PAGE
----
She looked up at me, her eyes nearly glowing with excitement there in the near darkness. “Like some sort of dog, naturally. But he’s magical. You know. Magical.”
I didn’t press for more details. This was going to be a long, cold night.
And then, just about two hours later, it happened. With an old-time spooky radio drama playing on the radio, a tasty biscuit hanging half out of Weegee’s mouth, and a bite of peanut butter sandwich in mine, we saw what may have been a smallish phantom in the distance, between the crisp, dead cornstalks.
“Didya see that?” whispered my dog.
I dropped my sandwich. I held my breath. Weeg held her breath. A car approached and then passed us, but in its headlights I was sure I’d seen an orange thing just twenty feet away! I grabbed Weegee’s paw, feeling how cold she had gotten, and we sat like statues in fear.
Another car, another set of headlights, and yes! It was he! It was the Great Pupkin! There, standing on four short legs, was a pug dog in a pumpkin costume, his tongue lolling magically, one eye winking at us, the little green, curly stem of his costume jiggling like a spring from the top of his head. With one arf he vanished. The car passed, and the cornfield darkened again.
“Oh my gosh oh my gosh oh my gosh!” exclaimed Weegee, getting to her feet and bouncing around on the blanket.
I had my doubts. I mean, it was Halloween, right? It could have been a living, breathing pug who had run away from his people while trick-or-treating. Or, it could have been our imaginations.
“It was him! The Great Pupkin! Oh, Jenny! Three years of good luck! Now I’m going to get published for sure!”
I considered about eight different replies in the space of two seconds, but I finally settled on: “That was amazing! He’s really real, Weeg! I’ll admit I didn’t believe in him. But, you sure showed me!” I picked her up after I’d stood, giving her a hug. I could feel the tremors of excitement still coursing through her body.
“Let’s go home,” she said after we’d both warmed up in each other’s arms. “I have a lot of writing to do tomorrow.”
I surreptitiously texted the local humane society that I’d seen a stray pug wearing a pumpkin costume in a cornfield at the west end of town, and then we packed the van with our treats and supplies. As I was backing up from the little drive at the edge of the field, Weegee asked, “What are you going to do with your three years of good luck?”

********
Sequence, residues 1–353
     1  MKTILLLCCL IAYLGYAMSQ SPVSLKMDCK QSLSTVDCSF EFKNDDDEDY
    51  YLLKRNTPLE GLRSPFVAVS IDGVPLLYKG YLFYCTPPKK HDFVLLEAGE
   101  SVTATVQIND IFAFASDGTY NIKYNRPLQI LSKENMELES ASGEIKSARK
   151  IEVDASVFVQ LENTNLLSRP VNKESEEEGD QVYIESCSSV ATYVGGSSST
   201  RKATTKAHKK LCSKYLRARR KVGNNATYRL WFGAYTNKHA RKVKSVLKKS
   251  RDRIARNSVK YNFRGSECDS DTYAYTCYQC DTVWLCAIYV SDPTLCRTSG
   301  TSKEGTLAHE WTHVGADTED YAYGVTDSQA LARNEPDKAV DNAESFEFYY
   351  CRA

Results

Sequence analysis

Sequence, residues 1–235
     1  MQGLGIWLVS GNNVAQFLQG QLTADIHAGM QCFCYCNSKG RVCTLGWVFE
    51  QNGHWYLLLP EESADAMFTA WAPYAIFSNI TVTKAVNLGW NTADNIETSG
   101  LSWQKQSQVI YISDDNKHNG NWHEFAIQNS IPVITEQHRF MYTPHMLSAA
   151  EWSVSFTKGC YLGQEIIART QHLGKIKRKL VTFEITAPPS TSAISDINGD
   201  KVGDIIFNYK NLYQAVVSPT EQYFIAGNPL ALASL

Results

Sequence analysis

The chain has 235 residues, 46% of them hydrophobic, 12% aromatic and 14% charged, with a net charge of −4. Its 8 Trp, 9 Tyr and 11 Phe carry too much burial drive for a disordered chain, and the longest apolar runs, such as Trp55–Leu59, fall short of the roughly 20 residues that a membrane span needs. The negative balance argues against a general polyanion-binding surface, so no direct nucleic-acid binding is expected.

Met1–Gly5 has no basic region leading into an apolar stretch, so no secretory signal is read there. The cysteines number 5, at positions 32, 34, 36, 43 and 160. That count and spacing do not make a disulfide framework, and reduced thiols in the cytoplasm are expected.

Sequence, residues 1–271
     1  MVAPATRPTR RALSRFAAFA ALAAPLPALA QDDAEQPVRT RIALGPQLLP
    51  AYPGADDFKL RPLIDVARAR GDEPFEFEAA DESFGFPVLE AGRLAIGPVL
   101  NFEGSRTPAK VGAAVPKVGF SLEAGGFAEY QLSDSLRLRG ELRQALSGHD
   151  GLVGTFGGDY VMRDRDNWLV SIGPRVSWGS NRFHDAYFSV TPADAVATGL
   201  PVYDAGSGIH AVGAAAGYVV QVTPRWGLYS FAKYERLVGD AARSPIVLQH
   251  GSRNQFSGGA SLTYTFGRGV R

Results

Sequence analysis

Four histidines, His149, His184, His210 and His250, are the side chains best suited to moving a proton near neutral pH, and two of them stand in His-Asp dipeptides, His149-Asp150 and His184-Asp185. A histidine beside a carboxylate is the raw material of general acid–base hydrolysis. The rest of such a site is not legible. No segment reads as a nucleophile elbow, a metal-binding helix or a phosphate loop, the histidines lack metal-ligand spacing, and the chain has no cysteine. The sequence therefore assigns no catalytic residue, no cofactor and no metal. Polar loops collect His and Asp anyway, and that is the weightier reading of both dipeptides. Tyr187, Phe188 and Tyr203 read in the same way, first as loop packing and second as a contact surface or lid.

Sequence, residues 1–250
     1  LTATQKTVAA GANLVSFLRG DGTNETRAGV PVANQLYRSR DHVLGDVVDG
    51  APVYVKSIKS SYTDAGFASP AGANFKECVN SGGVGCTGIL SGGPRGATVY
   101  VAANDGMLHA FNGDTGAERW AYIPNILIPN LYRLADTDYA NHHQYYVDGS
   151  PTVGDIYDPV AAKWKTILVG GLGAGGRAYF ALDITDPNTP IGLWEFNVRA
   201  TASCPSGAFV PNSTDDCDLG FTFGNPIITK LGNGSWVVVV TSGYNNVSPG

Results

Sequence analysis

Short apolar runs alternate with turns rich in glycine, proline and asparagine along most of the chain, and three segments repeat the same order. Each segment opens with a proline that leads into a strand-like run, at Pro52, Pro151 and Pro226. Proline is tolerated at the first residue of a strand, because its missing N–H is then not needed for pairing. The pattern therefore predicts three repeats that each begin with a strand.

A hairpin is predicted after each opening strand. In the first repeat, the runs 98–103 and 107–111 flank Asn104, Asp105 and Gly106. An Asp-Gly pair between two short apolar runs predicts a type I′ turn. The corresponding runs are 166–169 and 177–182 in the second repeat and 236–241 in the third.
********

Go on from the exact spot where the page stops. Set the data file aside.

I paused. I hadn’t thought about it. I hadn’t believed enough in the Great Pupkin to plan ahead for this outcome. “Hmm. I don’t know that I’ll notice the difference, to tell you the truth. I’ve got Pat, I’ve got you and the cats, and we’re doing okay, aren’t we? I don’t need anything more than that.”
When we got home, Weegee stood still to have her coats removed, and then dashed downstairs to her basement writing room, even though it was well past her bedtime.
“Where are you going?” I called. “Don’t you want to head up to bed?”
She walked up the stairs again to say goodnight, and then said, “I’ll be up later. I thought of the start of a really exciting poem about the Great Pupkin that I just need to type out.”
“Oh, well, then …”
Weegee then recited, taking the stairs slowly,
“the howly moon brushed stalk tips and called
to the Great Pupkin to appear
from out the rows and stubble
and dead corn husks
howly moon, be friend not foe
oh call him and his magic here”
Jenny Kalahar, her husband Patrick, and their pets live in Indiana where she sells used and rare books and writes novels and poetry. She is the author of a fantasy novel about teens stuck with the worst-ever magical power, This Peculiar Magic. Her two novels about fostering cats are Shelve Under C: A Tale of Used Books and Cats, and The Find of a Lifetime. Her collection of nostalgic and humorous poetry is One Mile North of Normal and Other Poems. For more, visit her blog.